One of the most delicious moments is when Locke, playing the role of one of an Imperial security branch called the “Midnighters,” breaks into the home of his current mark in order to warn him about…his own theft-in-process. Locke asks the mark to play along, explaining that it’s been impossible to catch the thieves because the other noble people who were robbed have been too embarrassed to admit what happened. He explains:
“Her ladyship the Dona Rosalina de Marre lost ten thousand crowns four years ago, in exchange for titles to upriver orchards that don’t exist….Don and Dona Feluccia lost twice as much two years ago. They thought they were financing a coup in Talisham that would have made the city a family estate….Last year…Don Javarriz paid fifteen thousand full crowns to a soothsayer who claimed to be able to restore the old man’s firstborn to life.”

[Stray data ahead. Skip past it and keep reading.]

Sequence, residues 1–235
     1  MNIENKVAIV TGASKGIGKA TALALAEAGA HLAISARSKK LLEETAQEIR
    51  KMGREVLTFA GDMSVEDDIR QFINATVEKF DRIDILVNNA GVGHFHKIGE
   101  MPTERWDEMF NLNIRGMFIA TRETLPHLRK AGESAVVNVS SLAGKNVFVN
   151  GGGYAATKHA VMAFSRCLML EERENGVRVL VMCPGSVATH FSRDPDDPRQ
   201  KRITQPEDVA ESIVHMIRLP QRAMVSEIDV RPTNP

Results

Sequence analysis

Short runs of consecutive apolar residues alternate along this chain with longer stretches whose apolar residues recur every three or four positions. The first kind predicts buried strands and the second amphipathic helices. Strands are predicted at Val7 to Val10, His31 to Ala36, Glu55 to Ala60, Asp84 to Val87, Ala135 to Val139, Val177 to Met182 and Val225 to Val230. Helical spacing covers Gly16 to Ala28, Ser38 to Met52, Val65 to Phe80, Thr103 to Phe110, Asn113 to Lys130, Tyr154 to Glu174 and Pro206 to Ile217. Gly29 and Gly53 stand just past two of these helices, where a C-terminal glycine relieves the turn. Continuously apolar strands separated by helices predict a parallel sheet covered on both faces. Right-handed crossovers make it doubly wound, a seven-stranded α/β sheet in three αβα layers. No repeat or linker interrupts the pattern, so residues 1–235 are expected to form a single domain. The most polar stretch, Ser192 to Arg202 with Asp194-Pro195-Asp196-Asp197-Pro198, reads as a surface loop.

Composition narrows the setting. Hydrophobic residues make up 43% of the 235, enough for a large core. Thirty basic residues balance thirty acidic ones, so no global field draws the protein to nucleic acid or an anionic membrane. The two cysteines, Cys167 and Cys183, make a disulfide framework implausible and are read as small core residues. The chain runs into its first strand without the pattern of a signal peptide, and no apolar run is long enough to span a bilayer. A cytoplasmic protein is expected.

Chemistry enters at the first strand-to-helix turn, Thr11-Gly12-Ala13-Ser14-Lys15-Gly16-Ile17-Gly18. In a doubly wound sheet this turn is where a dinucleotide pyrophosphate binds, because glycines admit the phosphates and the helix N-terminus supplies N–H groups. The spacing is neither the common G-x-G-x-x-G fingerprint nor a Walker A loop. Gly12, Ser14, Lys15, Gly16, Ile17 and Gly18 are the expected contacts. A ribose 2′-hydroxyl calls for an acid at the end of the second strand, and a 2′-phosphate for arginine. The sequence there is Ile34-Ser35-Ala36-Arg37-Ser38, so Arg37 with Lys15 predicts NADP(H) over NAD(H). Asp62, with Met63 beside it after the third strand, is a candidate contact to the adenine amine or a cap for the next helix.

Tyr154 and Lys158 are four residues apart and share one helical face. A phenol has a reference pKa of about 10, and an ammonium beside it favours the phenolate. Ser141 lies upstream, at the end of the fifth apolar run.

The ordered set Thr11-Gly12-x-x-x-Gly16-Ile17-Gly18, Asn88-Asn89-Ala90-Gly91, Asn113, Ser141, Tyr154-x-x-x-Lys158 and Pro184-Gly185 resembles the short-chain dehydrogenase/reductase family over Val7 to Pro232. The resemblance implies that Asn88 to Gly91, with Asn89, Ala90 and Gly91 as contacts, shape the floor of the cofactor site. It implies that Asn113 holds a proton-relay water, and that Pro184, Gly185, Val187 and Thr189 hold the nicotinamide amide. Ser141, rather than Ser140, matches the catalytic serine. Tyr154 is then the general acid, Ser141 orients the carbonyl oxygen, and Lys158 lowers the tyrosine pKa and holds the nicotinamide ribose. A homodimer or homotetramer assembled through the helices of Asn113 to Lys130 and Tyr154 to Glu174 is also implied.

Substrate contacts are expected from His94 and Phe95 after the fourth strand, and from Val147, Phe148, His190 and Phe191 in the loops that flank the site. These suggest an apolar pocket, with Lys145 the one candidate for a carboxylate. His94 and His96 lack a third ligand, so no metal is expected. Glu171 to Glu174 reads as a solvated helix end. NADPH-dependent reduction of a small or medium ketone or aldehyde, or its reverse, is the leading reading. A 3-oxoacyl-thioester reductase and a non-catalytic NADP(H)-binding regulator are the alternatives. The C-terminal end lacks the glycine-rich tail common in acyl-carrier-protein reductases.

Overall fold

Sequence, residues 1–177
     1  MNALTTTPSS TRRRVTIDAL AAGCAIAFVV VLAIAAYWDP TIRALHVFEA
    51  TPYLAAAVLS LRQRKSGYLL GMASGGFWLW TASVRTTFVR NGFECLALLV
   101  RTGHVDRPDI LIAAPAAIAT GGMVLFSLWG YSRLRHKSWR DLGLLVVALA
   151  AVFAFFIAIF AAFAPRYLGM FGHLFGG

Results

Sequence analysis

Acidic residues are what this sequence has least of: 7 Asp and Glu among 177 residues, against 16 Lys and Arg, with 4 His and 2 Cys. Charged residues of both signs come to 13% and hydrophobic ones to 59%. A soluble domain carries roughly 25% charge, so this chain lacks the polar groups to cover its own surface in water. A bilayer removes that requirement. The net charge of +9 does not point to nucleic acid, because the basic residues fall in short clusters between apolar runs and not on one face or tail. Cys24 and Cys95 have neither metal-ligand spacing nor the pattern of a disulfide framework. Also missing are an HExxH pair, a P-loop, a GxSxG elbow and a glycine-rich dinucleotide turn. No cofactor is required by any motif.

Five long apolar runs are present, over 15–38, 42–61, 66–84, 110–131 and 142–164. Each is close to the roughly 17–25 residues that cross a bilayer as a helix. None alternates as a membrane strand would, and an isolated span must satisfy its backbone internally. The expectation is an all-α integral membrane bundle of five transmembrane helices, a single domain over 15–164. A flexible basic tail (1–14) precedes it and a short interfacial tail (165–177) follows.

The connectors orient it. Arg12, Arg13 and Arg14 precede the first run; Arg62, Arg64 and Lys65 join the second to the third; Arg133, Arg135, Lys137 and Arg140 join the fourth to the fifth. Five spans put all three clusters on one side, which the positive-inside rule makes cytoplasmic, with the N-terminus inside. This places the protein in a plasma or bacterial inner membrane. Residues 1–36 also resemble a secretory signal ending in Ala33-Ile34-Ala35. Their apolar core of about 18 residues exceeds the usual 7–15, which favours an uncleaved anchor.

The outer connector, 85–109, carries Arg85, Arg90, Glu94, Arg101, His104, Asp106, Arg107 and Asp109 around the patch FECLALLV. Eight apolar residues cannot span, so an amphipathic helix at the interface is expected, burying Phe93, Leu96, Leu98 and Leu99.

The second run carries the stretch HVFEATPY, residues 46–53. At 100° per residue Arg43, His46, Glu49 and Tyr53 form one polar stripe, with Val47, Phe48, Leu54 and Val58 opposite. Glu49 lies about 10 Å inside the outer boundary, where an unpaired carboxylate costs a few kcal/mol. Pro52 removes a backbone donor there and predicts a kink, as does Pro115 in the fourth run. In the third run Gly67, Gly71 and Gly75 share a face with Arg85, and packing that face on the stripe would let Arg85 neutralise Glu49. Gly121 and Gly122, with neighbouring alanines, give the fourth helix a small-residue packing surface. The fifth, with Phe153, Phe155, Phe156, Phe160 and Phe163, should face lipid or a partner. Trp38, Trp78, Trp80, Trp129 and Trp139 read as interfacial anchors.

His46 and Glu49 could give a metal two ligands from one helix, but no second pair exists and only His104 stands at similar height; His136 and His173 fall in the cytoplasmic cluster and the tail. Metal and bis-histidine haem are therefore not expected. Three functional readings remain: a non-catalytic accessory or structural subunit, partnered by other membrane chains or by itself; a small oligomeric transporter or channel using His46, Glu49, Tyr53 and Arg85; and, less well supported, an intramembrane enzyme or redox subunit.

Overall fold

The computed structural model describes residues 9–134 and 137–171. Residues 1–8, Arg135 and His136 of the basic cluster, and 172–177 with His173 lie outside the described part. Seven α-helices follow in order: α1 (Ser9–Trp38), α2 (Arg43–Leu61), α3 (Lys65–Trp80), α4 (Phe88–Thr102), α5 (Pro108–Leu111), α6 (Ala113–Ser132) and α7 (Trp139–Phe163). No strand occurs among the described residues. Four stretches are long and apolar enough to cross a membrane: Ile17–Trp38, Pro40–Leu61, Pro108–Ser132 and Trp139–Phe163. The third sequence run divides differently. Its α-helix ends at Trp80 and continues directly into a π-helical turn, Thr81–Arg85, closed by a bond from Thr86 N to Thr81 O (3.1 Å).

You’d think the promise of necromancy would be a clue, wouldn’t you? But the mark, a lord called Salvara, is completely taken in.

Some of the seeming digressions, like an explanation of the results of burning “wraithstone,” on living creatures, turn out to be more important than readers suspect, at first. It’s more than just further evidence of the brutality of this society that results in us over-hearing Locke being told that “once, in the time of the Therin Throne, the process was used to punish criminals, but it has been centuries since any civilized Therin city-state allowed the use of Wraithstone on men and women. A society that still hangs children for petty theft and feeds prisoners to sea-creatures finds the results too disquieting to bear.”